Analysis of six participants who have spent at least 30 weeks on the scheme revealed that before the pilot they had committed 541 detected crimes with an estimated cost to victims and the public purse of £2.1m. Since starting treatment their combined crime total fell to three lower scale offences.

In all six cases the individuals have either completed probation or shown improved compliance with their probation order.

The participants have a 98% attendance rate at the twice daily treatment sessions which have continued throughout Covid and lockdown.

Self-declared data suggests none of the participants is now sleeping rough, their use of other illicit substances has declined markedly and their mental wellbeing is improving.

The scheme treats addiction as a medical condition. Patients are assessed and visit a clinic twice a day where prescribed doses of diamorphine are administered to replace street heroin.

Where HAT differs from previous schemes is that agencies are on hand at the clinic to assist with other challenges patients may face and which may be part of the root cause of the heroin usage – for example other physical and mental health issues, debt and homelessness.

Of the 13 who have been accepted onto the scheme since its launch:

  • Six currently continue to receive treatment
  • Three left treatment voluntarily
  • In two cases treatment has been paused due to other medical issues
  • In two cases the client has left the programme after being imprisoned.

There is ongoing assessment of other potential clients to join the programme. The scheme was launched in October 2019 and is part funded by Cleveland’s Office of Police and Crime Commissioner using money seized from criminals under the Proceeds of Crime Act, with the clinical team led by Daniel Ahmed of the Foundations Medical Practice.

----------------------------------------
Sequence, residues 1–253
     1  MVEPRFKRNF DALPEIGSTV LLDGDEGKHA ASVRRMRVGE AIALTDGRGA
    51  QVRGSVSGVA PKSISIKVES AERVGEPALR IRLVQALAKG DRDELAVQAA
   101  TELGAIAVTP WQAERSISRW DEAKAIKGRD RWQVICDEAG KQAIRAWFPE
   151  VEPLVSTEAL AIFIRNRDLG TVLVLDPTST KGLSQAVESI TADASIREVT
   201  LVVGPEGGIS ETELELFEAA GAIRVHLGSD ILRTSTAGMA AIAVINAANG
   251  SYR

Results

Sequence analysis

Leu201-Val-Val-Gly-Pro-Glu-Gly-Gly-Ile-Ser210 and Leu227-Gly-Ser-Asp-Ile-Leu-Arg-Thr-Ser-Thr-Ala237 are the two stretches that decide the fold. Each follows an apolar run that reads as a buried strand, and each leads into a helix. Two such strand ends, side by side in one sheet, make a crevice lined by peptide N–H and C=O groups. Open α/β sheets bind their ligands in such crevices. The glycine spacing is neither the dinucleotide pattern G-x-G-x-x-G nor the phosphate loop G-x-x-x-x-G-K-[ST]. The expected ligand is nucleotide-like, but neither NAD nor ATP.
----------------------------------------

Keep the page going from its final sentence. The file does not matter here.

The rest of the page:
Funding has also been provided by Durham Tees Valley Community Rehabilitation Company and the Tees and Wear Prisons Group and enhances existing staff resource provided by South Tees Public Health.

The pilot, which is licensed by the Home Office, has attracted interest from other local authorities, police forces and health agencies eager to find a solution to the problem of street heroin which is prevalent across the UK.

The announcement of the prestigious ARC grant award to Teesside University to carry out in depth independent evaluation of the scheme and its results illustrates how important this area of work is seen at national level.

In the News

Breaking the cycle of heroin addiction
Evening Gazette, p.22, Print, 26/11/2020
Drugs scheme proves big success.

'My life revolved around drugs - but now I can see a future': Treating heroin addiction, one year on.
Gazette Live, Web, 24/11/2020
Two participants on the scheme say they have broken the cycle of crime and addiction, and have got their lives back.

Specialist help for heroin addicts offers fresh start
Northern Echo, p.18, Print and Web, 10/11/2020
A pioneering drug treatment programme is starting to deliver results.

Middlesbrough HAT pilot has 'dramatic impact'
Drink and Drugs News, Web, 10/11/2020
The Middlesbrough heroin assisted treatment (HAT) pilot launched last year has had a ‘dramatic impact', according to the programme's clinical team lead Daniel Ahmed.